China On Film: A Century Of Exploration, Confrontation, And Controversy by Paul G. PickowiczChina On Film: A Century Of Exploration, Confrontation, And Controversy by Paul G. Pickowicz

China On Film: A Century Of Exploration, Confrontation, And Controversy

byPaul G. Pickowicz

Paperback | February 28, 2013

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Leading scholar Paul G. Pickowicz traces the dynamic history of Chinese filmmaking and discusses its course of development from the early days to the present. Moving decade by decade, he explores such key themes as the ever-shifting definitions of modern marriage in 1920s silent features, East-West cultural conflict in the movies of the 1930s, the strong appeal of the powerful melodramatic mode of the 1930s and 1940s, the polarizing political controversies surrounding Chinese filmmaking under the Japanese occupation of Shanghai in the 1940s, and the critical role of cinema during the bloody civil war of the late 1940s. Pickowicz then considers the challenging Mao years, including chapters on legendary screen personalities who tried but failed to adjust to the new socialist order in the 1950s, celebrities who made the sort of artistic and political accommodations that would keep them in the spotlight in the post-revolutionary era, and insider film professionals of the early 1960s who actively resisted the most extreme forms of Maoist cultural production. The book concludes with explorations of the highly cathartic films of the early post-Mao era, edgy postsocialist movies that appeared on the eve of the Tiananmen demonstrations of 1989, the relevance of the Eastern European "velvet prison" cultural production model, and the rise of underground and independent filmmaking beginning in the 1990s. Throughout its long history of film production, China has been embroiled in a seemingly unending series of wars, revolutions, and jarring social transformations. Despite daunting censorship obstacles, Chinese filmmakers have found ingenious ways of taking political stands and weighing in-for better or worse-on the most explosive social, cultural, and economic issues of the day. Exploring the often gut-wrenching controversies generated by their work, Pickowicz offers a unique and perceptive window on Chinese culture and society.
Paul G. Pickowicz is Distinguished Professor of History and Chinese Studies at the University of California, San Diego, and inaugural holder of the UC San Diego Endowed Chair in Modern Chinese History.
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Title:China On Film: A Century Of Exploration, Confrontation, And ControversyFormat:PaperbackDimensions:376 pages, 8.97 × 5.99 × 0.82 inPublished:February 28, 2013Publisher:Rowman & Littlefield PublishersLanguage:English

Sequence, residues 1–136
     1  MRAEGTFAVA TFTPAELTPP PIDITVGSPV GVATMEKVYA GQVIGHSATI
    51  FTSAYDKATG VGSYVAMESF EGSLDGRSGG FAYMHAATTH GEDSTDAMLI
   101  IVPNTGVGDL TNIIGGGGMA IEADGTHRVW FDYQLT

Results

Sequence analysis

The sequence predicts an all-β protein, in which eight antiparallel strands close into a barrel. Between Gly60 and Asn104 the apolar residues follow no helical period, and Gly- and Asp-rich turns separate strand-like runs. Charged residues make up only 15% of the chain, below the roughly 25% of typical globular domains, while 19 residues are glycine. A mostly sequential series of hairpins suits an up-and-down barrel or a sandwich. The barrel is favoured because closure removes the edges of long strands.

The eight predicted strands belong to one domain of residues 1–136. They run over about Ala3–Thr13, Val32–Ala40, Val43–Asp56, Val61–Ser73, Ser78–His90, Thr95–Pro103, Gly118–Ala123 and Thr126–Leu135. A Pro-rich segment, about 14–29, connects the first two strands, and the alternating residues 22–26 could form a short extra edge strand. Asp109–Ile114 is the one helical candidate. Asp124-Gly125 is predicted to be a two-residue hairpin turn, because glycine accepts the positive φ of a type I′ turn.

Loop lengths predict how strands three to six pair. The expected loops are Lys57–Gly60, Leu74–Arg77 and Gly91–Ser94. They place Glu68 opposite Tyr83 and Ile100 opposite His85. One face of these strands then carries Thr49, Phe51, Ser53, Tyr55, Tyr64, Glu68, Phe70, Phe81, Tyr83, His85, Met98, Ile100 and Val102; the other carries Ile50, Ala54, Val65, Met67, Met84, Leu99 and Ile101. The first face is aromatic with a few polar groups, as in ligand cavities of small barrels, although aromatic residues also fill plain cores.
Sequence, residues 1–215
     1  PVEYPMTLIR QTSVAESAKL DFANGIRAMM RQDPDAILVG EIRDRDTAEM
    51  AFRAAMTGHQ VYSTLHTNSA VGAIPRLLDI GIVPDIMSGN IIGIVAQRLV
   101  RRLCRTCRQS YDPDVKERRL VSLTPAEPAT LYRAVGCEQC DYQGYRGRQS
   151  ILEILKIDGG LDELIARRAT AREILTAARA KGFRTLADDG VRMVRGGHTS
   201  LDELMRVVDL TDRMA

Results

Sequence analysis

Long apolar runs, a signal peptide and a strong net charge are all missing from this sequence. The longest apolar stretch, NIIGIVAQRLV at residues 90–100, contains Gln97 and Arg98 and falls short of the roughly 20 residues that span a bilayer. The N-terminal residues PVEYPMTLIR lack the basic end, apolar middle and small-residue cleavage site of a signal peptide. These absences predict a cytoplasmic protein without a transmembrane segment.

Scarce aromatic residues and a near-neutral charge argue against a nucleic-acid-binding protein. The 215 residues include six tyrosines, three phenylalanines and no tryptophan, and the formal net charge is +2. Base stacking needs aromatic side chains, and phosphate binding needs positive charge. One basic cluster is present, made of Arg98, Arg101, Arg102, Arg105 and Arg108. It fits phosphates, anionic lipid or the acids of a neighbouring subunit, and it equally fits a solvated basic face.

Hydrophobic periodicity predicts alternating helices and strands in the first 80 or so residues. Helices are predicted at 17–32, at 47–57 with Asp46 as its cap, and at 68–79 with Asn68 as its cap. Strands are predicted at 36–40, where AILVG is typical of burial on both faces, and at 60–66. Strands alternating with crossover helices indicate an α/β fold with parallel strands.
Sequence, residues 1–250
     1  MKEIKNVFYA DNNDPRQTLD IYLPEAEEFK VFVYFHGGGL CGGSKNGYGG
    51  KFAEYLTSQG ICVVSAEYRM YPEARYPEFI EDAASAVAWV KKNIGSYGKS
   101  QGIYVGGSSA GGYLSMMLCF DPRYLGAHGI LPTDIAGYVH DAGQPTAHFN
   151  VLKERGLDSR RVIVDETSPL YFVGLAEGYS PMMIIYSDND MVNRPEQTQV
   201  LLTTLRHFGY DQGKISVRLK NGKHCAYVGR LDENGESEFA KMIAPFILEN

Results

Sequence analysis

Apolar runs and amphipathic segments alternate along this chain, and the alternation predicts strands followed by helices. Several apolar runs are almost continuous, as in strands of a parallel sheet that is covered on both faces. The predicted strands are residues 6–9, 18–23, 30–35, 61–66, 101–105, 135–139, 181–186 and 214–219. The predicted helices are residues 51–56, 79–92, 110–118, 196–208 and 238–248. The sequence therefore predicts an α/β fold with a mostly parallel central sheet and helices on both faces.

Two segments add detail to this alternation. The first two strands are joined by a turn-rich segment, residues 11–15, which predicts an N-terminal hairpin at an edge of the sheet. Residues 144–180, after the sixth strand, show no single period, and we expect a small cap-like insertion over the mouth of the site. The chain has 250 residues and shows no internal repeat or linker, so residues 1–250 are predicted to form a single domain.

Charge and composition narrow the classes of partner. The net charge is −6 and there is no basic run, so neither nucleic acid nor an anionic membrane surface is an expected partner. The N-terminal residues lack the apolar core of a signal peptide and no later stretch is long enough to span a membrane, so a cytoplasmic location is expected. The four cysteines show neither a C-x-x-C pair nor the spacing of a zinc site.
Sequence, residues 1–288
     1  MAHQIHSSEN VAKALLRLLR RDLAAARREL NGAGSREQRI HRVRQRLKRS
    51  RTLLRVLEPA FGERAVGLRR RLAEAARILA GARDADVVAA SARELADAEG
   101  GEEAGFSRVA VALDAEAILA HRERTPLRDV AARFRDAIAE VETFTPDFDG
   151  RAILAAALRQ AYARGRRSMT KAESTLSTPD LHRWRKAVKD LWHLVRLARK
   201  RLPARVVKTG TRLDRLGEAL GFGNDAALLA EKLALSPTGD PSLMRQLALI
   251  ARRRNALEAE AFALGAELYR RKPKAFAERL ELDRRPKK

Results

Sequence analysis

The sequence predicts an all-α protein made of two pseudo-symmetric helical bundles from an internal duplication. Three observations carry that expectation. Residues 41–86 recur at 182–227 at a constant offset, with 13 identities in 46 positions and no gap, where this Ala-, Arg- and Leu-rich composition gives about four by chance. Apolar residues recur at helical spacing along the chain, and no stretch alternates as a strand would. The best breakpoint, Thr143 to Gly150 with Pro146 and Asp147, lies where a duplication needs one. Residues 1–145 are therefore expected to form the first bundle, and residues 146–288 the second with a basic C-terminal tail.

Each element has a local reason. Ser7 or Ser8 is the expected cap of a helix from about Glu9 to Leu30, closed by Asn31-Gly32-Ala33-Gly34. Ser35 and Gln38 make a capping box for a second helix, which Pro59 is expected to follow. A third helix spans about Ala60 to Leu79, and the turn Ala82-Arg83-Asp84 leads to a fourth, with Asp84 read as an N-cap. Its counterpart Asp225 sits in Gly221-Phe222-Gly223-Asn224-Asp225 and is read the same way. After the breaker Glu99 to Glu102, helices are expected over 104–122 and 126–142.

The following ISBNs are associated with this title:

ISBN - 10:1442211792

ISBN - 13:9781442211797

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Table of Contents

Introduction: The Sorrows and Joys of Chinese Filmmaking: Political and Personal Contexts Chapter 1: Shanghai Twenties: Early Chinese Cinematic Explorations of the Modern Marriage Chapter 2: The Theme of Spiritual Pollution in Chinese Films of the 1930s Chapter 3: Melodramatic Representation and the May Fourth Tradition of Chinese Cinema Chapter 4: Never-Ending Controversies: The Case of Remorse in Shanghai and Occupation-EraChinese Filmmaking Chapter 5: Victory as Defeat: Postwar Visualizations of China's War of Resistance Chapter 6: Acting like Revolutionaries: Shi Hui, the Wenhua Studio, and Private-Sector Filmmaking,1949-1952 Chapter 7: Zheng Junli, Complicity, and the Cultural History of Socialist China, 1949-1976 Chapter 8: The Limits of Cultural Thaw: Chinese Cinema in the Early 1960s Chapter 9: Popular Cinema and Political Thought in Early Post-Mao China: Reflections on OfficialPronouncements, Film, and the Film Audience Chapter 10: On the Eve of Tiananmen: Huang Jianxin and the Notion of Postsocialism Chapter 11: Velvet Prisons and the Political Economy of Chinese Filmmaking in the Late 1980s andEarly 1990s Chapter 12: Social and Political Dynamics of Underground Filmmaking in Early-Twenty-First-CenturyChinaAdditional Work on Chinese Cinema

Editorial Reviews

This is the book on Chinese cinema that we have been waiting for. Few people have as deep and wide-ranging an understanding of Chinese film culture as Paul Pickowicz does. Admirably combining vigorous research and penetrating analysis, he provides us in this important book with an insightful, richly nuanced, and thought-provoking representation of the multivalent relations between popular cinema, social change, and political violence in China's recent history. Creatively organized around influential filmmakers, controversial films, or historiographical themes, and written in an engaging style, this is a must-read for anyone interested in twentieth-century Chinese culture and society.